The following two pictures show an example of how these data structures look after the initialization and after applying one step of the pairing process (pointers to NULL are not displayed):

State of the data structures used by the Recursive Pairing algorithm after going through the input text. State of the data structures used by the Recursive Pairing algorithm after performing the first pair replacement.

Encoding the grammar

Once the grammar has been built for a given input string, in order to achieve effective compression, this grammar has to be encoded efficiently. One of the simplest methods for encoding the grammar is the implicit encoding, which consists on invoking function encodeCFG(X), described below, sequentially on all the axiom's symbols. Intuitively, rules are encoded as they are visited in a depth-first traversal of the grammar. The first time a rule is visited, its right hand side is encoded recursively and a new code is assigned to the rule. From that point, whenever the rule is reached, the assigned value is written.

num_rules_encoded = 256 // By default, the extended ASCII charset are the terminals of the grammar.

writeSymbol(symbol s) {
  bitslen = log(num_rules_encoded); // Initially 8, to describe any extended ASCII character
  write s in binary using bitslen bits

void encodeCFG_rec(symbol s) {
  if (s is non-terminal and this is the first time symbol s appears) {
  	take rule s  X Y;
    write bit 1;
    assign to symbol s value ++num_rules_encoded;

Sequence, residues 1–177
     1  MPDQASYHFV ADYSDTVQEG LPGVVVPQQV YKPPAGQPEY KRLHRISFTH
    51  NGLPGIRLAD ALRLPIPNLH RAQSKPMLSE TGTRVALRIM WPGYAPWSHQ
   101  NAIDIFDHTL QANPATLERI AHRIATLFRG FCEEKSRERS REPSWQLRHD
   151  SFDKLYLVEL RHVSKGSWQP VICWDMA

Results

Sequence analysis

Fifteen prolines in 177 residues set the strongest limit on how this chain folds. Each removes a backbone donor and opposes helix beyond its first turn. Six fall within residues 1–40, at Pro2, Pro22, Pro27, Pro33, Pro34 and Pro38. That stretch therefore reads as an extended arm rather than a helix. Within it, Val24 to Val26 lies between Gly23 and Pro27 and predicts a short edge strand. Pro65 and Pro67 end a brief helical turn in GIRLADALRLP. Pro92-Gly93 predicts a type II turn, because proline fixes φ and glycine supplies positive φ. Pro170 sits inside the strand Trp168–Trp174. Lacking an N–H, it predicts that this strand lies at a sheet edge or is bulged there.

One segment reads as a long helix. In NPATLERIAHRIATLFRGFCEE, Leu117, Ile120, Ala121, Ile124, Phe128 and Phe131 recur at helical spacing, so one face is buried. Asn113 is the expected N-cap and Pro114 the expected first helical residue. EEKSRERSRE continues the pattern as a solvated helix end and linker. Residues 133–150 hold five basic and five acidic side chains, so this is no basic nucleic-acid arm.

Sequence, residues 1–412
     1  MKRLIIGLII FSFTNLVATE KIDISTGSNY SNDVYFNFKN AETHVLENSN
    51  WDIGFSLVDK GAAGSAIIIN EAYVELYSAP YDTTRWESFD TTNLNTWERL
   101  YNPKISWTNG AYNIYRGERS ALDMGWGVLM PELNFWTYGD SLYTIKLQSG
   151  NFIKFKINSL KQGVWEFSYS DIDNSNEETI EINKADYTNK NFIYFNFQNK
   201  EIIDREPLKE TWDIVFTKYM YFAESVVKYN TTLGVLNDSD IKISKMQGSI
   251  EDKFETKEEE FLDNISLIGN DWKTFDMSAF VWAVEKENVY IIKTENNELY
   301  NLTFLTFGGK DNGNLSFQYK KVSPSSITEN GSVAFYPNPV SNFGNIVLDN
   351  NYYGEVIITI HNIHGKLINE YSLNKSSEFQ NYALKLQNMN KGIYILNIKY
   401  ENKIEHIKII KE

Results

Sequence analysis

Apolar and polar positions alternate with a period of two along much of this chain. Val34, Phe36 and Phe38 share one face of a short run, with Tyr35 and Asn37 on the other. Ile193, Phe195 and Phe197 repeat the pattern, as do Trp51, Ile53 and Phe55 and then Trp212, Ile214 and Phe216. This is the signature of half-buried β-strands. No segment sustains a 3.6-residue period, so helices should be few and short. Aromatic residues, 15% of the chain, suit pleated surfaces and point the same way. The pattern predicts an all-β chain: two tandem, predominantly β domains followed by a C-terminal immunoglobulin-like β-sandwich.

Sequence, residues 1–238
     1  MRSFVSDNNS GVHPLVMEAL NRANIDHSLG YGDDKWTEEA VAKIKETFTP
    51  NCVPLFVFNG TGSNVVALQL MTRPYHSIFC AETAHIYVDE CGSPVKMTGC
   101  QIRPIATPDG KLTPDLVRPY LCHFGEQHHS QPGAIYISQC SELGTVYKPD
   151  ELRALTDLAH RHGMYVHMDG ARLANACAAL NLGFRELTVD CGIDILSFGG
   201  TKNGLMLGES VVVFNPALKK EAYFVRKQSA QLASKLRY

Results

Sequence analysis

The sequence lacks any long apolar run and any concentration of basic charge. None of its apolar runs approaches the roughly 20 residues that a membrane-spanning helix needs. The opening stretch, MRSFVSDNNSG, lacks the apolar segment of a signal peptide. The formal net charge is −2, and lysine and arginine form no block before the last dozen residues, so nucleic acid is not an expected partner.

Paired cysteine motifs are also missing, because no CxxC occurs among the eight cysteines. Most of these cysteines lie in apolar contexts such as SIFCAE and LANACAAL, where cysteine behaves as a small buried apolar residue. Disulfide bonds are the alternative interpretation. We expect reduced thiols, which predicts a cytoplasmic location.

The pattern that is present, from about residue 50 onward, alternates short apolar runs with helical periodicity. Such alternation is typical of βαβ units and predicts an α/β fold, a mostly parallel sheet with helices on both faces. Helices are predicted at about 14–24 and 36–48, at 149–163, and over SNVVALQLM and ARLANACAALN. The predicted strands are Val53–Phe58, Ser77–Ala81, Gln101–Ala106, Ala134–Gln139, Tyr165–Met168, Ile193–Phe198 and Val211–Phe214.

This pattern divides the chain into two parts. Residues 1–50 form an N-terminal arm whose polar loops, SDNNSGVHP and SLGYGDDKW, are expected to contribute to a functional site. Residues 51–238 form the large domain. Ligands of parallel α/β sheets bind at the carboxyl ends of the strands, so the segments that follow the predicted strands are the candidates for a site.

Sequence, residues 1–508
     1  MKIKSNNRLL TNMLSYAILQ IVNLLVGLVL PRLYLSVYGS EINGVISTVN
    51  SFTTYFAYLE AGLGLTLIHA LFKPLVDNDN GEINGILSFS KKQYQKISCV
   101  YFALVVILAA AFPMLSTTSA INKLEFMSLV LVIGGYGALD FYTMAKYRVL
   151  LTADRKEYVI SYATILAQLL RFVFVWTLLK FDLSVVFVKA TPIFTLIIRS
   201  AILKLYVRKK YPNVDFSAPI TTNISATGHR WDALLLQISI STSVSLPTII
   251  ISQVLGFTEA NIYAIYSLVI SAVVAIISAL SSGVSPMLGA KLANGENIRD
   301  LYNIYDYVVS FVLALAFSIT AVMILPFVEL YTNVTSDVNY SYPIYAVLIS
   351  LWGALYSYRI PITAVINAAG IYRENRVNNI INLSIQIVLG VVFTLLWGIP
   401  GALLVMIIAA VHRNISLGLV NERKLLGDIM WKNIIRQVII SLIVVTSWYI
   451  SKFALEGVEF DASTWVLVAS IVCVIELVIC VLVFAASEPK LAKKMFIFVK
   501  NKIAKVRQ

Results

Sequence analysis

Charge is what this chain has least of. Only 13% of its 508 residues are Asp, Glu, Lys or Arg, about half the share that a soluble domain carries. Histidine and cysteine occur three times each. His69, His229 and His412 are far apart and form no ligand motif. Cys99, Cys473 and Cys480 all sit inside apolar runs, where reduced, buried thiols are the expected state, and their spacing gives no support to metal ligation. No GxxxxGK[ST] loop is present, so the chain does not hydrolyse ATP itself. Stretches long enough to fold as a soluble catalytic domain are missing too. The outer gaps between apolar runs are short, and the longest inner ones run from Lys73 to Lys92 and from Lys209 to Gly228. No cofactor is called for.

} else {
    write bit 0;
    writeSymbol(terminal/value assigned)

void encodeCFG(symbol s) {
  write bit 1;

Another possibility is to separate the rules of the grammar into generations such that a rule belongs to generation iff at least one of or belongs to generation and the other belongs to generation with . Then these generations are encoded subsequently starting from generation . This was the method proposed originally when Re-Pair was first introduced. However, most implementations of Re-Pair use the implicit encoding method due to its simplicity and good performance. Furthermore, it allows on-the-fly decompression.


There exists a number of different implementations of Re-Pair. Each of these versions aims at improving one specific aspect of the algorithm, such as reducing the runtime, reducing the space consumption or increasing the compression ratio.

Improvement Year Implementation Description
Phrase Browsing[2] 2003 [1] Instead of manipulating the input string as a sequence of characters, this tool first groups the characters into phrases (for instance, words). The compression algorithm works as Re-Pair but considering the identified phrases as the terminals of the grammar. The tool accepts different options to decide which sort of phrases are considered and encodes the resulting grammar into separated files: one containing the axiom and one with the rest of the rules.